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By Faith Barnebey, Special to the Times
Published December 18, 2007
She is queen of the affair, her throne a wheelchair.
A handsome woman, bright and spirited, at the age of 96 Aunt Pauline has traveled from Ohio to Oregon. And on this night, at what is billed as a "farewell dinner," we pay her tribute with a standing ovation. She responds with a smile and a wave. With Midwestern unflappability.
The occasion is a reunion of my husband's family, and we have come to Oregon - 82 strong - from the West and Northeast, from North Carolina, Florida,even Alaska.
Our ages range from 6 to 96 and span five generations. The mix of ages proves a rallying point. A small child pats the cheek of a great-grandmother and both smile, each fascinated by the other.
Family reunions, so I hear, are becoming a passing tradition. Because of our mobile society, families now scatter to far-flung places and get caught up in busy lives: too far to travel, too little time.
As a result, our connections wither, our perceptions go begging. Yet apart from camaraderie, reunions offer discovery. So I come away from Oregon with new impressions, things I've never really pondered until now.
Perhaps because I'm an in-law, not part of the bloodline, I think about the statement, often expressed in anger: "I didn't marry your family!"
Yet, we do marry the families. Husbands and wives bring to a marriage their values, their aspirations, their pasts: their families.
There must be, indeed will be, interaction. Whether it brings distress or delight, this commingling is a given. Fortunately, at our reunion, in-laws were not considered outlaws.
Tolstoy wrote, "All families are more or less like one another; every unhappy family is unhappy in its own particular way." His words recall a second discovery, the difference between family reunions and "gatherings" at holiday time with one's immediate family - a time many families dread.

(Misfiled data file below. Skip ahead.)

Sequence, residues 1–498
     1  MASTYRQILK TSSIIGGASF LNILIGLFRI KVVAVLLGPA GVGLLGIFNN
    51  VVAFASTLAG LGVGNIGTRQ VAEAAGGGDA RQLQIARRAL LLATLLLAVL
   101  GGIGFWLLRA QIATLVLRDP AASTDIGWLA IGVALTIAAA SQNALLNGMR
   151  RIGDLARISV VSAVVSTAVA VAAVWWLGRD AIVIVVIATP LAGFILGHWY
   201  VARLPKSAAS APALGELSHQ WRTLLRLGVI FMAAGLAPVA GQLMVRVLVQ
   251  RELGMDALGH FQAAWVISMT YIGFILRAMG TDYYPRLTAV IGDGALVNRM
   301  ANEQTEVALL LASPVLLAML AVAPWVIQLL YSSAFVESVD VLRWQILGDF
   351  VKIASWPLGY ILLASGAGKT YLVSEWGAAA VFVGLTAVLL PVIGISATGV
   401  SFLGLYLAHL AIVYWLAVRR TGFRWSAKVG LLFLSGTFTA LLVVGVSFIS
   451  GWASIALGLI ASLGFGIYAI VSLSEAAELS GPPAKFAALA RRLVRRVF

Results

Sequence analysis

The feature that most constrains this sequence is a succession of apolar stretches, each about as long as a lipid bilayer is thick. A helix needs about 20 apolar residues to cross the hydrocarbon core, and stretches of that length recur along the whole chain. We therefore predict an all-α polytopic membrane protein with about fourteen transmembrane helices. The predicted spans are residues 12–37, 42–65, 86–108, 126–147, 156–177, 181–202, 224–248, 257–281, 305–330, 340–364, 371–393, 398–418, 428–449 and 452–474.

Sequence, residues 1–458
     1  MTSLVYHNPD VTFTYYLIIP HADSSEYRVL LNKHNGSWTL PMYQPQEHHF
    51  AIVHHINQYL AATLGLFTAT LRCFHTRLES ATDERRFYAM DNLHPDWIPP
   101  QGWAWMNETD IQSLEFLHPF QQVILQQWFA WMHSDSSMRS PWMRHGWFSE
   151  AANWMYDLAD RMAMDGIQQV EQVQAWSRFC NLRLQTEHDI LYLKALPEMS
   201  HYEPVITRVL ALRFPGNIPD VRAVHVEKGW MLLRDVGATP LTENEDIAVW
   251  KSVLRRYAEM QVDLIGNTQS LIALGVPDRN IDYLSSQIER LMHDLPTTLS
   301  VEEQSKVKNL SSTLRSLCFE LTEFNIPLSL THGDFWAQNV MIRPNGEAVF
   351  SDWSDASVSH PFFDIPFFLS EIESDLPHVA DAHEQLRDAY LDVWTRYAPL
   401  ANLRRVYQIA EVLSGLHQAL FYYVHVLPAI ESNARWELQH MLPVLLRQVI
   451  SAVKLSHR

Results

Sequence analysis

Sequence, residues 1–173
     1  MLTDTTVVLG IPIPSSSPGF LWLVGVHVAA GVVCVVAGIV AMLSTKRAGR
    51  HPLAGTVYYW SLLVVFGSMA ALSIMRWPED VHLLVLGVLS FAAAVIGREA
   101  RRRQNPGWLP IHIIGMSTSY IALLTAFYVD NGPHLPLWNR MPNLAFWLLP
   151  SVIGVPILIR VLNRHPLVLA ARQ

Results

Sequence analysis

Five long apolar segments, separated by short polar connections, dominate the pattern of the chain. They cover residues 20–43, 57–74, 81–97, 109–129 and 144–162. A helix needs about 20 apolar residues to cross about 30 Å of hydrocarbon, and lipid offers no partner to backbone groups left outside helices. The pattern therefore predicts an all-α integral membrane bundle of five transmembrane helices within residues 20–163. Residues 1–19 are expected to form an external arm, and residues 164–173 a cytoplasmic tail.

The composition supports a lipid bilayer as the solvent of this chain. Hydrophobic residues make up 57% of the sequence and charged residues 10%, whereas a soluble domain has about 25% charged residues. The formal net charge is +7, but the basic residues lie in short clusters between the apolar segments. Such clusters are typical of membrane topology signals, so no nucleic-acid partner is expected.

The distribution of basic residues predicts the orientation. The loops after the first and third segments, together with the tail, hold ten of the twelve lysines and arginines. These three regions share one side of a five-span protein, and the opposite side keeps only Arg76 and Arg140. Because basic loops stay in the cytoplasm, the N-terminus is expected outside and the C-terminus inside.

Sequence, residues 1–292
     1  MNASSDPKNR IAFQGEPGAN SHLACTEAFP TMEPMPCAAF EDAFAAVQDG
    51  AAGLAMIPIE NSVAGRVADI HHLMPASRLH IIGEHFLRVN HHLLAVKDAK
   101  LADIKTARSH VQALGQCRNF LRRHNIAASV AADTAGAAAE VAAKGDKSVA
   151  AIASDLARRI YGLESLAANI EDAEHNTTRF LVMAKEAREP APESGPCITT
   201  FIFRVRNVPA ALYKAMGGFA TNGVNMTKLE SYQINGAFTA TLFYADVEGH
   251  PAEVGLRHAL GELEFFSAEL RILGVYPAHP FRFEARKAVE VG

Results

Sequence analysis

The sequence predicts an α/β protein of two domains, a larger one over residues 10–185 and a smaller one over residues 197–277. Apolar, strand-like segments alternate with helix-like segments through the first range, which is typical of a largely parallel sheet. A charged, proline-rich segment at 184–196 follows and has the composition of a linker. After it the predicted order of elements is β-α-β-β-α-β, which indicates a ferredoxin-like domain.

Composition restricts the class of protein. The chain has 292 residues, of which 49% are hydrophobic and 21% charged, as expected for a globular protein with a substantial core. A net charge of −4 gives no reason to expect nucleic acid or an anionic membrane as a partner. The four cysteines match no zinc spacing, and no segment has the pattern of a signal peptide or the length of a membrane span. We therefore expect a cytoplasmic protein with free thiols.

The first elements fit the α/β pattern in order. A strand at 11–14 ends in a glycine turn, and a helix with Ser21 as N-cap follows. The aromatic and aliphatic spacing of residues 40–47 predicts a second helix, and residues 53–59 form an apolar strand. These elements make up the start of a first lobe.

When the holidays approach, we see a spate of articles about keeping peace around holiday tables. Why? Because families have problems, as well as high expectations. Both arrive gaily wrapped, often to later be shredded: A mother-in-law resents the new wife, and eventually it shows. Sibling rivalries still smolder, and finally erupt.
On the other hand, family reunions are viewed not with dread but with anticipation. If old resentments exist, they haven't a chance: too many people, too little time. So much to talk about, to catch up on.
Besides, families who hold reunions are for the most part at peace with themselves and one another.
Finally, at family reunions we discover our roots, what it means to be a Smith, a Jones, or a Barnebey. Although we recognize individual traits, we see most clearly, and, often surprisingly, the traits we have in common. Your family may be low-key or high-voltage, cautious or impulsive.
My husband's family pretty much rolls with the punches. Their traits, the traits of any family, are taught - and caught - by successive generations.
On the last day of our reunion we take pictures, tons of them, by family groups, by generations, and we finally cajole a waiter into taking shots of the whole bunch. With everyone's cameras, of course, since everyone wants mementos.
Later, as I look at the pictures, at the massed faces, I see not just separate families or blood kin or in-laws. What I see, what fairly jumps out at me, is a family, singular, its roots embracing all.
And there, on the end, is Aunt Pauline, smiling, her hand extended.
Welcome to the family.
Faith Barnebey is a freelance writer who returns to Sarasota from family reunions.
[Last modified December 17, 2007, 03:39:06]